Yep, a statement by the great Margaret Thatcher! She and her government introduced Section 28 which was a policy that outlawed teaching in any school that homosexual relationships were acceptable. The law was eventually repealed in 2003 which, by the way, saw Mr David Cameron voting to keep it in place. Again, Thatcher’s heinous political acts seem to be forgotten. The media praise her for ‘fighting for what she believed in’ and ‘never backing down’ yet seem to forget she was fighting for incredibly bigoted policies. I have heard numerous times how Thatcher was an idol for female aspirations. “A great feminist” but it’s not true. She hated the idea of feminism calling it “poison” and I very much doubt she would welcome the claims that she is a feminist icon. She may have broken the glass ceiling for females in politics but I am very much of the opinion she resealed that glass straight away.
Thatcher’s policies devastated the public then and still do to this day. In the Hillsborough Disaster 96 Liverpool fans were sent to their deaths due to Police incompetence, and then those 96 blamed for their own deaths. “Justice for the 96” can still be seen around Anfield today and so too “reveal the lies before thatcher dies”. Almost coincidentally this truth came out not long before her death. The truth exposed how the Liverpool fans were not to blame and that it was the police who were at fault. As Prime Minister at the time, Thatcher helped carried out the cover-up. Through this evil act she tarnished an entire city’s reputation and scarred the lives of all affected. Something which is inexcusable.
Ultimately, it was the Poll Tax riots that brought her down. A tax which meant that whether you were earning minimum wage or millions of pounds you’d still pay the same was introduced. A tax for which many have described as a tax for…existing. The ‘Iron Lady’ never lived the riots down and was eventually brought down by her own party due to how unpopular she had become.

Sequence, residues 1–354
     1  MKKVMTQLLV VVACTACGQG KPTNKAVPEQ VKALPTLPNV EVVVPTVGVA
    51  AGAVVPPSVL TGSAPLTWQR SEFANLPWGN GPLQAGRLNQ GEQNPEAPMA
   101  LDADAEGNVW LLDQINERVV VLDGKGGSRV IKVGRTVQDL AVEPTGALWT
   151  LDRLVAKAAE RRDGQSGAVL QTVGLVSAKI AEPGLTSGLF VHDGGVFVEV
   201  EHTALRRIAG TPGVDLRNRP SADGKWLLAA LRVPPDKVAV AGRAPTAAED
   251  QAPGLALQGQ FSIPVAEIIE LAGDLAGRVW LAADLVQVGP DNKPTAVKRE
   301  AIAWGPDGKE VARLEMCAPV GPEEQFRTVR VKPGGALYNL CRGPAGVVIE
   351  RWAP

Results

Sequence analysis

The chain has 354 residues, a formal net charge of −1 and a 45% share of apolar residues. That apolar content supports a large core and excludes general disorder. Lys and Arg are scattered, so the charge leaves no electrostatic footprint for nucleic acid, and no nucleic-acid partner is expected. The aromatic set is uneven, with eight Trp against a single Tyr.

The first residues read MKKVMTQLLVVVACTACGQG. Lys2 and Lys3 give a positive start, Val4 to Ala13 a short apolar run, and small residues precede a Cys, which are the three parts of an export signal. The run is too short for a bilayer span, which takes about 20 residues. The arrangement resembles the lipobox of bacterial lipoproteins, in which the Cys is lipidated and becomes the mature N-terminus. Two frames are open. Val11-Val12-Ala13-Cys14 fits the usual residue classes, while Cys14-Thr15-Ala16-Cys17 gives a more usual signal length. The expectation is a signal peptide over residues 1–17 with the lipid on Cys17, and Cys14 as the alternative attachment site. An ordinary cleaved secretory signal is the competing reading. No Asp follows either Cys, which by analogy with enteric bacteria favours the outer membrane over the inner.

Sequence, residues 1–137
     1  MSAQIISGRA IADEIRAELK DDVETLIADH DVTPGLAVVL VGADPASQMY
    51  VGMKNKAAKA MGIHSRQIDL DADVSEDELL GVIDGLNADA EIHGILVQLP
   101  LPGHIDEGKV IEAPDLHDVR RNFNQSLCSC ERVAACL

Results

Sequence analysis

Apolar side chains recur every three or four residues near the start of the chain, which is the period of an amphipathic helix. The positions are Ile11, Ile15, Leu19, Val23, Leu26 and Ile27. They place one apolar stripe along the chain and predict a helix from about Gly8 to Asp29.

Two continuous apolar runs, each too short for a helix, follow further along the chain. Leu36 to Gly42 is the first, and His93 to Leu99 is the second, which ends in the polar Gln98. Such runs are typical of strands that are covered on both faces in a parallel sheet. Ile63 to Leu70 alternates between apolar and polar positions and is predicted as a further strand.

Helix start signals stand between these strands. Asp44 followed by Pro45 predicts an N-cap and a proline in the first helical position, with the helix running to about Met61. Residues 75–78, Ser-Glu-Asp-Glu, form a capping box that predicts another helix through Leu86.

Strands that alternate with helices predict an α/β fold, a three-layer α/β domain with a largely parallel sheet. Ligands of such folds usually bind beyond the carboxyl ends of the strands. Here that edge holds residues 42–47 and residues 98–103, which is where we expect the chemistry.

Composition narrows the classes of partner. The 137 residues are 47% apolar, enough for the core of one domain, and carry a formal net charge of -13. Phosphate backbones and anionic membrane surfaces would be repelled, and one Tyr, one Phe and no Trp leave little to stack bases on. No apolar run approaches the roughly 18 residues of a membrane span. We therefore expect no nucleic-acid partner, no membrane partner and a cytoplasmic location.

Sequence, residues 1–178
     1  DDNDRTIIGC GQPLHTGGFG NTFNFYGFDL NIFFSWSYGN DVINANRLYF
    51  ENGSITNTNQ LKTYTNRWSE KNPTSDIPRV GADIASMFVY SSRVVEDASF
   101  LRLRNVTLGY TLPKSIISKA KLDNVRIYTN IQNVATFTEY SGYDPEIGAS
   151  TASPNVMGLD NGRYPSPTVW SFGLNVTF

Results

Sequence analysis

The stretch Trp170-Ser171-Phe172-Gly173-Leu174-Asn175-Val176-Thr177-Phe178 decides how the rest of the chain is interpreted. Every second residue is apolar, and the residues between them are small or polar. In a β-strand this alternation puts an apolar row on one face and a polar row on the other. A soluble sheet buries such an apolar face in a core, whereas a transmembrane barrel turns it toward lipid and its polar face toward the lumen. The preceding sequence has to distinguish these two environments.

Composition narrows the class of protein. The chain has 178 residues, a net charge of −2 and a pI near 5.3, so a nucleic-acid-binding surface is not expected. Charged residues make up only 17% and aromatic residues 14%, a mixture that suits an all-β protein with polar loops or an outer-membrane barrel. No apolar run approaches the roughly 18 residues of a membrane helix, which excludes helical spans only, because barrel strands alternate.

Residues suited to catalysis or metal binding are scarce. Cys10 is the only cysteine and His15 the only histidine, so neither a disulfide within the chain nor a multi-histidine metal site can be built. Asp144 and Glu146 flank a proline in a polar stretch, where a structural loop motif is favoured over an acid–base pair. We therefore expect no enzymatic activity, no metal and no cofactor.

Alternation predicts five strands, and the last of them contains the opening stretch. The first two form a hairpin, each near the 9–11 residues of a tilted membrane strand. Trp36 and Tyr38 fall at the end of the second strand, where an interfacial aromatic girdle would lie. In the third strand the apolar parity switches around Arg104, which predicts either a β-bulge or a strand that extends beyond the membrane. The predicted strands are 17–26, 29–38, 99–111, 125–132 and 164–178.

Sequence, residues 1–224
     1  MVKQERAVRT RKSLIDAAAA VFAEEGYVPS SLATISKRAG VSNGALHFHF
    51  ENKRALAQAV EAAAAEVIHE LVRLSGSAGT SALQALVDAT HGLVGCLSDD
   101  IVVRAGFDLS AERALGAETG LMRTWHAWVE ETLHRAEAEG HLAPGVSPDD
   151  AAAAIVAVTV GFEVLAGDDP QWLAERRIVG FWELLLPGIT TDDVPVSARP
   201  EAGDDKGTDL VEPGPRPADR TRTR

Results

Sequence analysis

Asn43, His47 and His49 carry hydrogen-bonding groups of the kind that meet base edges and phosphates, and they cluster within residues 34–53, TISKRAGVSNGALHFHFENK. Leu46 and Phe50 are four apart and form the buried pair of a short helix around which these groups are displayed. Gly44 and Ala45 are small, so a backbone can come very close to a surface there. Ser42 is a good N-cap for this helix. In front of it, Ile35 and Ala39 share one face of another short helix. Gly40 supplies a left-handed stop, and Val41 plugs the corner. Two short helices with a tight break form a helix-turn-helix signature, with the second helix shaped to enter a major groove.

I am 18 years old, so did not live through Thatcher’s government, and I am glad. I am glad that I was not born earlier and I am glad that I did not live through it, and yet I am still affected by her government. We live in country where Thatcherism is rife. It is not an opinion but a fact. Our NHS system, which was something to be proud of, is deteriorating fast and privatised health care is becoming more popular, but that is what you get with austerity.
I’m not sad Thatcher is dead as you may have guessed. My only hope is that her politics and Thatcherism dies with her, although I don’t believe the chances are high. Of course she has a family; children and grandchildren but so did those miners who couldn’t afford to put bread on the table. So did the 11 Irish hunger strikers that died in protest of to her regime and so did those 323 people who were unfortunate enough to be on the Belgrano – a ship needlessly torpedoed under the order of Thatcher. She did not give a second thought to those people so I shan’t give one to her or to her family either following her funeral. At a time where the media are praising Thatcher as a woman who saved Britain and slating anyone who criticises a dead old woman I think they should perhaps show a little respect for her victims. Thatcher did not fight against those who the Mail describes as “benefit scroungers” she fought with those trying to make a living by doing what they know. The people were hardworking, worked long hours and were put out of work due to her policies.
And as her funeral approaches I am confused as to why a woman who is detested in huge numbers is getting a state funeral. A funeral worth 10 million pounds, enough to pay for over 300 nurses salary for a year, the Guardian commented. I am confused as to why the British public have to pay for this funeral, why can’t it be privatised? She’d be happy. Why can’t her son, Mark Thatcher, an arms dealer worth over 60 million pounds pay for the funeral? Russell Brand notes that those who grew up under Thatcher were taught that being “selfish” is good. “That other people’s pain is not your problem”. Thatcher claimed a society doesn’t exist so why is the British Society stumping up this hefty sum? Tony Blair commented that she was a “promoter of liberty” and a “great leader” but he could not be further from the truth if he tried. Thatcher’s greatest accomplishment many have said is Tony Blair and that in itself is an atrocity.
Ding Dong, The Wicked Witch of the Right is dead.
Samir Richards, A2 Politics Student.